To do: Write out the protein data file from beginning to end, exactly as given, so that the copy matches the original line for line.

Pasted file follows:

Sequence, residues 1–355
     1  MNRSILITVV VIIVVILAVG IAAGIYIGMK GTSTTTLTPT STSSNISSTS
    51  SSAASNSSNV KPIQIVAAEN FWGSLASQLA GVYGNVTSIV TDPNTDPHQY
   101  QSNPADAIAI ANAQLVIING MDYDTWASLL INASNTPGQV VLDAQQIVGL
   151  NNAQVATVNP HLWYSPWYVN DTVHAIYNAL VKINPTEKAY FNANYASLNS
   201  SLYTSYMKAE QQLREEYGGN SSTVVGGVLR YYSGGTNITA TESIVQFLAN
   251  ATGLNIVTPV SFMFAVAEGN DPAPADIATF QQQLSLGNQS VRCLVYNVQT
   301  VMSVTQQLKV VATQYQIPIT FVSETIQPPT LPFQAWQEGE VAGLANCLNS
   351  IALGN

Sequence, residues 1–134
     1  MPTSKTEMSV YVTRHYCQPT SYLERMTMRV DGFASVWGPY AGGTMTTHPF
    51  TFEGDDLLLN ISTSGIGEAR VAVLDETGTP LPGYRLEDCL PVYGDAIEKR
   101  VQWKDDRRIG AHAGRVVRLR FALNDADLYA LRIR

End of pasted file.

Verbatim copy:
Sequence, residues 1–355
     1  MNRSILITVV VIIVVILAVG IAAGIYIGMK GTSTTTLTPT STSSNISSTS
    51  SSAASNSSNV KPIQIVAAEN FWGSLASQLA GVYGNVTSIV TDPNTDPHQY
   101  QSNPADAIAI ANAQLVIING MDYDTWASLL INASNTPGQV VLDAQQIVGL
   151  NNAQVATVNP HLWYSPWYVN DTVHAIYNAL VKINPTEKAY FNANYASLNS
   201  SLYTSYMKAE QQLREEYGGN SSTVVGGVLR YYSGGTNITA TESIVQFLAN
   251  ATGLNIVTPV SFMFAVAEGN DPAPADIATF QQQLSLGNQS VRCLVYNVQT
   301  VMSVTQQLKV VATQYQIPIT FVSETIQPPT LPFQAWQEGE VAGLANCLNS
   351  IALGN

Sequence, residues 1–134
     1  MPTSKTEMSV YVTRHYCQPT SYLERMTMRV DGFASVWGPY AGGTMTTHPF
    51  TFEGDDLLLN ISTSGIGEAR VAVLDETGTP LPGYRLEDCL PVYGDAIEKR
   101  VQWKDDRRIG AHAGRVVRLR FALNDADLYA LRIR